Basic Research Labs
Future-facing basic research and testing facility
Northrop Grumman Corporation, 2016
Manhattan Beach, California — In 2015, I joined a team of seven tasked with creating a next-gen basic research facility within Northrop Grumman. This organization was new to Northrop Grumman, utilized the expertise of scientists and engineers from across the globe, and aimed to solve problems of the future — some of which we may not have even yet realized. My role on this team was to oversee the art-direction and creative vision and act as the brand ambassador from the start to the completion of the project. While the basic research organization was put together through many stakeholders within the corporation, the facility to house this research fell into our team’s hands.
In order to attract top academic talent, our goal was to create a space that felt like something you would find in a university. With all of the choices scientists have when deciding where to do their research, we wanted to offer a space that would make Northrop Grumman the easy and logical choice. Outfitting the lobby with multi-purpose screens and flexible AV conferencing capabilities allows the scientists to present their research to their peers, while allowing the rest of the corporation to dial in when promoted and participate in the research lab's discoveries.
Some of the initial challenges we faced from a construction stand-point were the limitations in remodeling a building originally poured from solid concrete. While the basic research labs were to take up half of the building, Northrop Grumman’s existing microelectronics foundry still resided in the other half of the building, and its use of sensitive chemicals required the concrete foundation to remain in tact. In the same spirit, we took careful consideration in keeping the foundry’s needs front and center while dressing the various spaces within the building. We did not want the foundry — the original occupants of the space — to feel as if the basic research lab was invading their home, but rather harmonizing with it. Tiled pathways for rolling carts and elegant signage with equally allotted wall real-estate helped achieve that balance of ownership.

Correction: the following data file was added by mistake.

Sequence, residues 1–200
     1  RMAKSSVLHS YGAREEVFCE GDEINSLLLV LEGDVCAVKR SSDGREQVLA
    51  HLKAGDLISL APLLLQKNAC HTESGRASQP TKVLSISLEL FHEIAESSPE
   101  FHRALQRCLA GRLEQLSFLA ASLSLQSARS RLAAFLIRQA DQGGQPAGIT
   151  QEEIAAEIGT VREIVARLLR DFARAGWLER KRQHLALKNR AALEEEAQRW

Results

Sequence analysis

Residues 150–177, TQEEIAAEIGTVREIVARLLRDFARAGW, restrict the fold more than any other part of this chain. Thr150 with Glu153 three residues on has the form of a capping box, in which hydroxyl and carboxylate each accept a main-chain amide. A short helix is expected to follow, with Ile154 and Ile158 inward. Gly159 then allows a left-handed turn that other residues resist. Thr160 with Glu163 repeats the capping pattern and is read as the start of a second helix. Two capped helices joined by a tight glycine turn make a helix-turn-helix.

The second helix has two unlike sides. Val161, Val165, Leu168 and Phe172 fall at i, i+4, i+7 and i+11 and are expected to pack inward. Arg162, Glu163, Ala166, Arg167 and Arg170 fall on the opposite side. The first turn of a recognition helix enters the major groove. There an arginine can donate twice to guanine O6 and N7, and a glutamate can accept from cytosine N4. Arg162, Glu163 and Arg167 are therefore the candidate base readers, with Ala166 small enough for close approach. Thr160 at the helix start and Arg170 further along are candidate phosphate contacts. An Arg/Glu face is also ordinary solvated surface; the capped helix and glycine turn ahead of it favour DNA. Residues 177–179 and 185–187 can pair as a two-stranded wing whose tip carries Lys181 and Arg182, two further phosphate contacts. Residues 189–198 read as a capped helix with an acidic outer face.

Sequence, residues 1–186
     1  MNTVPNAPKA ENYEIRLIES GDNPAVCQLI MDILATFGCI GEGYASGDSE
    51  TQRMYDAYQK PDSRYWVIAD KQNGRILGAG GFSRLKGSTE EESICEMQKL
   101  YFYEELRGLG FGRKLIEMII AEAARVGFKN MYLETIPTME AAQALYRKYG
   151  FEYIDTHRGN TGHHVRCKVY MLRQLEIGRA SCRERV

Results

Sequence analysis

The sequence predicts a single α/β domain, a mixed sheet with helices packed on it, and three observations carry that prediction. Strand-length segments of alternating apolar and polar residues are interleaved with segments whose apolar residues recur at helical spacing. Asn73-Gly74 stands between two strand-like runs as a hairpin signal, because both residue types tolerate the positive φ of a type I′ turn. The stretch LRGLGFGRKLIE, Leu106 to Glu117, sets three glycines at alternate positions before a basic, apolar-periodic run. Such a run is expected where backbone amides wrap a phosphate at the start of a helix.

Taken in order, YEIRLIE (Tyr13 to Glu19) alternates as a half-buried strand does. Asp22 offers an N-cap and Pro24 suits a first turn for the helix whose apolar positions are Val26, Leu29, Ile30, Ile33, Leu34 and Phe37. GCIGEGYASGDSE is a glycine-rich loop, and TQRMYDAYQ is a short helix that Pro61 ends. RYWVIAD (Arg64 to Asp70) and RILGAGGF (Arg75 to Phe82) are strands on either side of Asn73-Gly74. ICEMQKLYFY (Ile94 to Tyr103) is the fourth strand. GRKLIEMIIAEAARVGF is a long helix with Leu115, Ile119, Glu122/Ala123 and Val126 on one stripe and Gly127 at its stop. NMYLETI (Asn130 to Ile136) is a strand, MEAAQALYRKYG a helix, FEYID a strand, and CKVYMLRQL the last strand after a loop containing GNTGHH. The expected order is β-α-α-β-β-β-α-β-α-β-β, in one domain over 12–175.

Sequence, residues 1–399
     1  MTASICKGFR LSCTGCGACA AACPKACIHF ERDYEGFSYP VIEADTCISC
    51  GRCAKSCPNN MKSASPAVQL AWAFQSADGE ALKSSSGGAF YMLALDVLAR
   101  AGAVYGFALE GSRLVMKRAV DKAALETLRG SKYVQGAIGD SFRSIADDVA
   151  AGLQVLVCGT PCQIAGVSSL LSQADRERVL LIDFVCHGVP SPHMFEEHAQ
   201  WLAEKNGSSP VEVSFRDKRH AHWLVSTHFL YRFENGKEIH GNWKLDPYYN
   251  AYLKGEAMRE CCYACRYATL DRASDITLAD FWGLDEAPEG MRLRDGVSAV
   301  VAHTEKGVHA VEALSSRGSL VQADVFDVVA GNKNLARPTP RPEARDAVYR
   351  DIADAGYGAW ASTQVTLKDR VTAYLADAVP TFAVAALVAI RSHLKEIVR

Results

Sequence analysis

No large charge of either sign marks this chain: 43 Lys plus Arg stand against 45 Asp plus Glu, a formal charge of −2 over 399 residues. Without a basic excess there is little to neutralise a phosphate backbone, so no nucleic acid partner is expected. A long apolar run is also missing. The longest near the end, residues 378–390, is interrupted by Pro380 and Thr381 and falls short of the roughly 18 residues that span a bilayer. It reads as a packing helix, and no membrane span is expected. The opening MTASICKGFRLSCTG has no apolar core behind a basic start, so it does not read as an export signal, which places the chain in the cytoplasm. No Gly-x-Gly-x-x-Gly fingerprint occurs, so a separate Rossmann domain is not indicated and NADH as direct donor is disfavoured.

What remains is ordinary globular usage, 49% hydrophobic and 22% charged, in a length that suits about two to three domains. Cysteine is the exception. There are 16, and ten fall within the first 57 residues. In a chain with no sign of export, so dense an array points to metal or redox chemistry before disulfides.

Other logistical challenges involved designing an environment that could accommodate guests, temporary resident employees, and foreign academics and scientists, all while residing within the sector headquarters of a highly-secure U.S. national defense contractor. We solved this with the use of specifically colored doors and badge access, and a separately architectured network completely removed from Northrop Grumman.
We implemented collaboration nooks where ever possible to spark discussion and encourage cross-pollination of studies. In an aerospace environment commonly thought of as closed-off and secretive, we went out of our way to utilize glass and open floors to shed that stigma.